Costs of legal proceedings before the NCC

Fees for the Netherlands Commercial Court

Court fees for cases brought before the Netherlands Commercial Court (NCC) and the Netherlands Commercial Court of Appeal (NCCA) are proposed to be € 15,000 and EUR 20,000 respectively. Although higher than ordinary Dutch legal proceedings, this is a cost-effective alternative in comparison to having cases heard by international commercial courts in other countries where fees may be much higher. The benefit for the parties is clear as this results in less costs for the business overall.

Furthermore, there are plans to allow for the mitigation of costs in certain cases when it is demonstrated that the party cannot bear these costs. This provides an attractive option for small companies or start-ups, where the cost of commencing proceedings would be reduced.

The Dutch government predicts that the NCC will hear up to 100 cases a year. However due to the practicality and long term cost-effectiveness of having proceedings in the English language, this number is likely to be much higher.

Fees of Dutch Litigation Attorneys

Only lawyers who are registered at the Dutch bar are allowed to conduct cases in The Netherlands. There is no scale fee for commercial litigation. Dutch litigation lawyers generally bill based on hourly rates in commercial litigation. It is possible to enter into a conditional fee agreement, but not for the entire sum of the fees.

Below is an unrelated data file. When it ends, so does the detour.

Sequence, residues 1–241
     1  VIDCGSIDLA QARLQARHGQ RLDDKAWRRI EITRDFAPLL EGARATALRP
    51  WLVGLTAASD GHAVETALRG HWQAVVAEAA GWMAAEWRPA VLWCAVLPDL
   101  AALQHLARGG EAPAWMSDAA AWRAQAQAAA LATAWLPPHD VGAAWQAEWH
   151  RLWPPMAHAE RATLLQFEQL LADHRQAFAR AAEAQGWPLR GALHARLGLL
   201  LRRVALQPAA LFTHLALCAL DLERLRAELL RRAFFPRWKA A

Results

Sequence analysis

The court has discretion to order that costs are payable by one party to another. It can also determine the amount of the costs and decide when they are to be paid. This is only a fixed amount, and usually this is only a fraction of the lawyer’s actual fees.

Commercial litigation in The Netherlands is usually funded by the litigating parties, often on the basis of an advance payment and subsequent calculations of fees and costs. Under Dutch law there is no regulation to prohibit third parties from funding litigation.

Who pays in Dutch litigation proceedings?

Under Dutch law, the general rule is that the loser pays all (article 237 (1) Code of Civil Procedure). This is justified on the grounds of procedural risk and policy. All costs incurred by the winning party are compensated provided they are reasonable. With regard to lawyer’s fees, the ‘scheme of liquidated costs’ applies; this entails that only specific acts and services of the attorney will be compensated for. Other additional costs will not be compensated by the losing party.

Both the cost of witnesses and expert opinions are borne by the losing party.

Where the parties settle the dispute, the division of costs is not usually revealed. Parties may apportion the costs based on their chances of winning or losing, or they may agree that each party bears its own costs.

The general rule that ‘the loser pays all’ is not without exceptions. Article 327 of the Dutch Code of Civil Procedure states that the court may “compensate” the costs in full or in part in certain situations (especially in the context of family proceedings). In these cases, each party bears its own costs. The court may also order each party to bear its own costs if each party has both won and lost elements of the case.

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